Movement of Bactericera cockerelli (Heteroptera: Psyllidae) in Relation to Potato Canopy Structure, and Effects on Potato Tuber Weights
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With the threat of new plant diseases on the increase, plant disease epidemiology requires research on pathogen vector movement. Here, releases were performed in planted potato fields of different ages and canopy structures, located in the Texas Panhandle, to evaluate the range of movement of the potato psyllid Bactericera cockerelli (Sulc.). This insect is a known causative agent of psyllid yellows disease, and is a vector of the reported etiological agents of zebra chip disease of potato, 'Candidatus Liberibacter solanacearum/psyllaurous'. Based on collections of B. cockerelli immatures along transects 9 m long radiating in four cardinal directions from release points, adult females dispersed considerable distances, regardless of plant age or canopy structure. Immature abundance declined along transects and were well described by linear and nonlinear models, but abundance patterns did not differ among the different planting dates and canopy structures. However, unequal immature abundance was detected among the four cardinal directions, with more immatures generally collected along transects to the north and west of release points, opposite of prevailing winds in the area at the time of release. Plots where B. cockerelli were released had significantly lower mean potato tuber weights than control plots with no B. cockerelli. However, few plots with B. cockerelli released in them had declining trends in tuber weights with increasing distance from release points.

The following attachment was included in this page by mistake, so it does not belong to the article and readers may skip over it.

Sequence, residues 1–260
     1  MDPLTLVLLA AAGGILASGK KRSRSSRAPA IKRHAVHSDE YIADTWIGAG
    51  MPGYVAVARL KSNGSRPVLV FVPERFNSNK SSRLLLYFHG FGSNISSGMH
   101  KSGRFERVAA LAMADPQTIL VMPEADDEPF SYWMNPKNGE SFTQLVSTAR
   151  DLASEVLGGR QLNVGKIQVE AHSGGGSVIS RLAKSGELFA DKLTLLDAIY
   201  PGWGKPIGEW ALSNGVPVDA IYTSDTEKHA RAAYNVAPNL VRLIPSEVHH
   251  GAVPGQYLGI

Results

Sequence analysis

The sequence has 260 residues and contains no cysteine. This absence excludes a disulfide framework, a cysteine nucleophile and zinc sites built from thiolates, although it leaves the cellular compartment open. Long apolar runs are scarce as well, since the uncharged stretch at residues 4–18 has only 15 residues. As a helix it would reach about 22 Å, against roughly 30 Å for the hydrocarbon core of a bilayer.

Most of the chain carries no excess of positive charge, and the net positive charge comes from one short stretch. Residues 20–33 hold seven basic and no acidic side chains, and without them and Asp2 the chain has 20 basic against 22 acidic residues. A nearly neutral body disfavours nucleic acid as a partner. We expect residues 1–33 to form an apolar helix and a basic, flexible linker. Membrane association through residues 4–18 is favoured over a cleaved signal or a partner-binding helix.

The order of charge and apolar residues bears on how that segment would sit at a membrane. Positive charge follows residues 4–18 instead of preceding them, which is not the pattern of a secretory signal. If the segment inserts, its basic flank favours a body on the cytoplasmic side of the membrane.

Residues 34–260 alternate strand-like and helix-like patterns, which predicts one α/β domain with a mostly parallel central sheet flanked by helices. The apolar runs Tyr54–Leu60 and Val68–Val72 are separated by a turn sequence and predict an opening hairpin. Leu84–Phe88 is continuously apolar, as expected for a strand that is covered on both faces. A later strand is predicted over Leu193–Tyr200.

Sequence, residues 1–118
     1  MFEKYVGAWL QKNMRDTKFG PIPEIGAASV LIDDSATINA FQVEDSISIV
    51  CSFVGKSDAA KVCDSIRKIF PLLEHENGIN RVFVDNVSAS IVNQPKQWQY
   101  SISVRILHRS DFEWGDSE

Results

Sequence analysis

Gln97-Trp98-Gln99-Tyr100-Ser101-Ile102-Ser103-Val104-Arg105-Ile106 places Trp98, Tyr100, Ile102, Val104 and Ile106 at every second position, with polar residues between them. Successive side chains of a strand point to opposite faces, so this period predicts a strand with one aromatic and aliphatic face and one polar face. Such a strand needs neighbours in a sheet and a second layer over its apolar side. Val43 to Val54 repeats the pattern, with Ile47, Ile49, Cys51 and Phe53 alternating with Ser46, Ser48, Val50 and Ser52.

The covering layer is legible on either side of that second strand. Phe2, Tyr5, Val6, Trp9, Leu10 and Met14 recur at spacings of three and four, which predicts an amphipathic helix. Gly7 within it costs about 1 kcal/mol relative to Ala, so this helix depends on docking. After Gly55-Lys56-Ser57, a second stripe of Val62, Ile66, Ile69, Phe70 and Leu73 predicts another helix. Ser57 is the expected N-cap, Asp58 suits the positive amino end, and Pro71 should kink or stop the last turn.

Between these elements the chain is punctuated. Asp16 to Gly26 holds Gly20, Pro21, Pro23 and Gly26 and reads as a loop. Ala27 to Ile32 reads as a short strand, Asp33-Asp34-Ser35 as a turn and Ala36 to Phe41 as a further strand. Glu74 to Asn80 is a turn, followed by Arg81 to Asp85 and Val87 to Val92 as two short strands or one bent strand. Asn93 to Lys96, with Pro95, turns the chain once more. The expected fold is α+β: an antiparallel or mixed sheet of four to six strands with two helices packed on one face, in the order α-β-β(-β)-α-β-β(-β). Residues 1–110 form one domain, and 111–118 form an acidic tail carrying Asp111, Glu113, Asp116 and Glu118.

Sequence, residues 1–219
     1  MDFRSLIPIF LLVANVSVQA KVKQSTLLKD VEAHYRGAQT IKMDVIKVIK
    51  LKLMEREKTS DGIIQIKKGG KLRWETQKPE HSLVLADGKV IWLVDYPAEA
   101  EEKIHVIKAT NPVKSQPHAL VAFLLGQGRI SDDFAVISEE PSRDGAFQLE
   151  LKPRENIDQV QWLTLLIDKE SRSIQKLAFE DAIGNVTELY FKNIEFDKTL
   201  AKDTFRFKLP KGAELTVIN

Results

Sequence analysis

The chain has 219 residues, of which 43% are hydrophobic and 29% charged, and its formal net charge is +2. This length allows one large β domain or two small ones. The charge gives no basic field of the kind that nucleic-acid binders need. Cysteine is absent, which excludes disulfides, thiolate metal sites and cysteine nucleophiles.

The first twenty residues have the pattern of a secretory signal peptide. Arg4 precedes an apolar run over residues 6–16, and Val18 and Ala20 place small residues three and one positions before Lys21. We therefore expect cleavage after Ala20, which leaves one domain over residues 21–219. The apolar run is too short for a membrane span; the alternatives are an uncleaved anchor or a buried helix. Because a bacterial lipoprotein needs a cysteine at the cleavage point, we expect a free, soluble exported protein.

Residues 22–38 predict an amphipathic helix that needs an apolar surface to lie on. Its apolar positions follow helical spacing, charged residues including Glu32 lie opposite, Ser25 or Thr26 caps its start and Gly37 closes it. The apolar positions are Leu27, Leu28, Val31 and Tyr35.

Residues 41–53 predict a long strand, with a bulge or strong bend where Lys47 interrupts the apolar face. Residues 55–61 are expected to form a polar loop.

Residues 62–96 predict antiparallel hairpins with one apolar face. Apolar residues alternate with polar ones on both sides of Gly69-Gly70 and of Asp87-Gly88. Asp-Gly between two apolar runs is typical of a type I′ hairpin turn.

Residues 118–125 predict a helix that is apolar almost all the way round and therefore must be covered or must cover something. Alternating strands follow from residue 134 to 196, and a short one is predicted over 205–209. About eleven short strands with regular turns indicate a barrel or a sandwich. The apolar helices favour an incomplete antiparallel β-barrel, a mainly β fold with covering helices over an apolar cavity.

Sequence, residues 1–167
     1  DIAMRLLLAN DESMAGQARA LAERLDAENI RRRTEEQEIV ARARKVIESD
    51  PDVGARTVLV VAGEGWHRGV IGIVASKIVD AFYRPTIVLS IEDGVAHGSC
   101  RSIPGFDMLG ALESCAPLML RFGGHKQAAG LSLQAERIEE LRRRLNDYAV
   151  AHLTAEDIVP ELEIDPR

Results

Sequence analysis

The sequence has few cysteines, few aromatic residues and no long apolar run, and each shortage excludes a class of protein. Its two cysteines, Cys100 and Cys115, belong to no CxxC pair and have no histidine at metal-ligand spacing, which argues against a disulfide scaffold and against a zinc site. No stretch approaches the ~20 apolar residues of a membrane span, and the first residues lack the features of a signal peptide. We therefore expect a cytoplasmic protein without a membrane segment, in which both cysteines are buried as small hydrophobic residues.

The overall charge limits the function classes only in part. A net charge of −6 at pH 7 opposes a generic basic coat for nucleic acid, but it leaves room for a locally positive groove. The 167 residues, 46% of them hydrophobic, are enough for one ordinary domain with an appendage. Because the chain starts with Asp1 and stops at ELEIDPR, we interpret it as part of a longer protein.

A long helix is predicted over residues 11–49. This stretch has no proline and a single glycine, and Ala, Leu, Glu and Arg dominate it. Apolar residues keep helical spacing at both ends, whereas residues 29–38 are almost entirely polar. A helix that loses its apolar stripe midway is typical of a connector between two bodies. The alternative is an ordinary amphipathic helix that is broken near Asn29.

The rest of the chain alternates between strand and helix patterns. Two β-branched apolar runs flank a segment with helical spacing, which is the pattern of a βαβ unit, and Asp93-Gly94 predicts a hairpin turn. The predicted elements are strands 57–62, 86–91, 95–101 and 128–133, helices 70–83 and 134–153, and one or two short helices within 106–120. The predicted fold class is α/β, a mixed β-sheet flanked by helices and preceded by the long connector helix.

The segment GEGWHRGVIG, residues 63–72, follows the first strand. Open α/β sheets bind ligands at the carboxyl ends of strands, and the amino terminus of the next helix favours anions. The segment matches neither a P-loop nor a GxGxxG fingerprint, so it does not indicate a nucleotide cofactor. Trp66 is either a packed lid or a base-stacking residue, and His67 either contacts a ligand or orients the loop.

author list (cited authors)
Henne, D. C., Workneh, F., & Rush, C. M.